5. Sees that you have a webinar on Friday to explain your products. Decides to register. (Action/Conversion, Hard Lead)
  6. Loves the webinar and what you have to offer. Decides to set up a meeting with the sales team. Fills out form on site to request times. (Action/Conversion, Hard Lead)
  7. Has a meeting with your sales representative and decides the company need your product. Makes a purchase. (Action/Conversion Hard Lead)
  8. Loves your product. Follows your social channels to keep up-to-date with the company. Sees a tweet for a free trial of an add-on product he’s been considering. Clicks on the link and goes to your site. (Engagement)
  9. Fills out the form for the free trial. (Action/Conversion, Hard Lead)
  10. Loves the add-on and adds it to his account. (Action/Conversion, Hard Lead)

In this example, you see that Person A went through all the stages of the funnel. After he made the purchase, he became an active prospect for an add-on product and went through the last three stages again during the purchase. It is important to recognize that people can come into the funnel at any stage. They can also fall out of the funnel at any stage. The funnel displays an ongoing relationship with prospects as well as with customers. After the initial purchase is made, the relationship doesn’t end. Further, it is possible to skip stages in the funnel. The funnel isn’t gated so that people can’t move ahead without getting through the last stage. Rather, the funnel represents “potential” areas where prospects and customers might engage in a measureable way. As you measure the funnel, you will be able to identify where you are losing people and where you are doing well. This will be covered in depth in Chapter 5.

Whichever goal you selected in Chapter 1, “Aligning Social Media Strategies to Business Goals,” the funnel still applies. The five categories align with the three goals, but their purpose is a little different. If your goal is customer retention and you do your job well, you will notice that more sales result from existing customers. This means that you are effectively placing people back into the top of the funnel, even if they follow a different path than a prospective customer would take. Have you set yourself up to measure it?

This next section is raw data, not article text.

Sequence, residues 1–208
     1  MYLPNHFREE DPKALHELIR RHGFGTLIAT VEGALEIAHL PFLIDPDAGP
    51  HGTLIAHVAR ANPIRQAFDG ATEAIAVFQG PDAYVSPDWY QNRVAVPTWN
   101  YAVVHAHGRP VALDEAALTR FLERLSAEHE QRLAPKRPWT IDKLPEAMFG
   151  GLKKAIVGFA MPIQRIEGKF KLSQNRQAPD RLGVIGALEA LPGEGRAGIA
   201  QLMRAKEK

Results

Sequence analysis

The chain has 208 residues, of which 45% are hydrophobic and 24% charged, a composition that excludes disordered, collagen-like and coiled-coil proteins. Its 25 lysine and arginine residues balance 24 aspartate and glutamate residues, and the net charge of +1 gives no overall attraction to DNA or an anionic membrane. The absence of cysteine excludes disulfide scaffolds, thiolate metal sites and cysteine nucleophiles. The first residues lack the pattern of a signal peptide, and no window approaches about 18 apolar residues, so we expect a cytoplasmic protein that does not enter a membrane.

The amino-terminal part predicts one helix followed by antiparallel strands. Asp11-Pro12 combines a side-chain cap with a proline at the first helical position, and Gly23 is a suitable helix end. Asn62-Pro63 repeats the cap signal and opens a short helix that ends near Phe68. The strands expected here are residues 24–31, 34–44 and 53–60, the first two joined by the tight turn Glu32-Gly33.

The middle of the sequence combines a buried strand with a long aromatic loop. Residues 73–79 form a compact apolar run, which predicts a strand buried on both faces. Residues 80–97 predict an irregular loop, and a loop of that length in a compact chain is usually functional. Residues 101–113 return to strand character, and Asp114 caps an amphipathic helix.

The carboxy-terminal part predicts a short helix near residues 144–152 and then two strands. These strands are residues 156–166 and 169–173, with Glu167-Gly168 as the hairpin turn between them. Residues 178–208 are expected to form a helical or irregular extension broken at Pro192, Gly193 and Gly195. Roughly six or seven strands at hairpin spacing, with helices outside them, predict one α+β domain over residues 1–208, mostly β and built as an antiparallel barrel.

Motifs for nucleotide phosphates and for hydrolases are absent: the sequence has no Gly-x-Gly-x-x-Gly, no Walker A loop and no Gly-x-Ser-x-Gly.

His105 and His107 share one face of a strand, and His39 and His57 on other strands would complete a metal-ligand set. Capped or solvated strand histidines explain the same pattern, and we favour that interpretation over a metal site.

Social Media Is the Assist

You’ll also notice that in the previous example, all the interaction happened on the social media channel. A lot of people will tell you that social media is the end-all, be-all channel. They will tell you that your company will no longer be relevant if you don’t dump your marketing budget into social media right now. Social media is one communication channel of many that can be just as important to your business as public relations, advertising, email marketing, direct mail. To best understand where social media fits into the overall marketing picture, think about the actual path your prospects and customers will take. Is it realistic to assume that if a prospect interacts with the social media team, no other marketing channel will be used to communicate with him? Absolutely not. What is more likely is that you will have interactions in the social media channel and several others. Should you keep those who interact with the social media team from going into campaigns in other channels? Heck, no. Why would you want to be responsible for creating an entirely new end-to-end communication channel? That is a lot of unnecessary work. A more likely interaction path is the one that follows.

Person B

  1. Notices a retweet with a resource your company shared and takes no action. (Exposure)
  2. Sees a post Jason Falls wrote with a review of your products. (Influence)
  3. Starts following your Twitter account and looks at some of your latest tweets. Sees a really great whitepaper, which she retweets to her audience. Goes to your website. (Engagement)